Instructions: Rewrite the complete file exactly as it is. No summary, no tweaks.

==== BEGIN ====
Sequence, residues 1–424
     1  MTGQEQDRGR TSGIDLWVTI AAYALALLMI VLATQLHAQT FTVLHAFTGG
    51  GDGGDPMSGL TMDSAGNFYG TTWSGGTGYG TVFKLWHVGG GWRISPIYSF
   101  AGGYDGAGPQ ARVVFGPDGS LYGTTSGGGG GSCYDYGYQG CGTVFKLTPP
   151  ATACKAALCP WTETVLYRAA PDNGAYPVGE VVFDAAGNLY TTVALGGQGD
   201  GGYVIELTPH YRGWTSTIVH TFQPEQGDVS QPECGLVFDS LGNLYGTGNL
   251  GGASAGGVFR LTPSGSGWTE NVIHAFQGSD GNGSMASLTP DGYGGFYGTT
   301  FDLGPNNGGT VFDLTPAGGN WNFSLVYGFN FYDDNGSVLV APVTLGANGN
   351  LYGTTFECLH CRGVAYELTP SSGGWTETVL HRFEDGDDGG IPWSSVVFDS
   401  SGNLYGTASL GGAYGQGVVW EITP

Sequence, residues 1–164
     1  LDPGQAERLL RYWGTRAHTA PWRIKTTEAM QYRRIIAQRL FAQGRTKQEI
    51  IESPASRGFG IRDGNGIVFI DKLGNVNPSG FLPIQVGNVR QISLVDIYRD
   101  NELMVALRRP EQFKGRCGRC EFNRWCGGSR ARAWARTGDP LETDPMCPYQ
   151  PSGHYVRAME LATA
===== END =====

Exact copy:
Sequence, residues 1–424
     1  MTGQEQDRGR TSGIDLWVTI AAYALALLMI VLATQLHAQT FTVLHAFTGG
    51  GDGGDPMSGL TMDSAGNFYG TTWSGGTGYG TVFKLWHVGG GWRISPIYSF
   101  AGGYDGAGPQ ARVVFGPDGS LYGTTSGGGG GSCYDYGYQG CGTVFKLTPP
   151  ATACKAALCP WTETVLYRAA PDNGAYPVGE VVFDAAGNLY TTVALGGQGD
   201  GGYVIELTPH YRGWTSTIVH TFQPEQGDVS QPECGLVFDS LGNLYGTGNL
   251  GGASAGGVFR LTPSGSGWTE NVIHAFQGSD GNGSMASLTP DGYGGFYGTT
   301  FDLGPNNGGT VFDLTPAGGN WNFSLVYGFN FYDDNGSVLV APVTLGANGN
   351  LYGTTFECLH CRGVAYELTP SSGGWTETVL HRFEDGDDGG IPWSSVVFDS
   401  SGNLYGTASL GGAYGQGVVW EITP

Sequence, residues 1–164
     1  LDPGQAERLL RYWGTRAHTA PWRIKTTEAM QYRRIIAQRL FAQGRTKQEI
    51  IESPASRGFG IRDGNGIVFI DKLGNVNPSG FLPIQVGNVR QISLVDIYRD
   101  NELMVALRRP EQFKGRCGRC EFNRWCGGSR ARAWARTGDP LETDPMCPYQ
   151  PSGHYVRAME LATA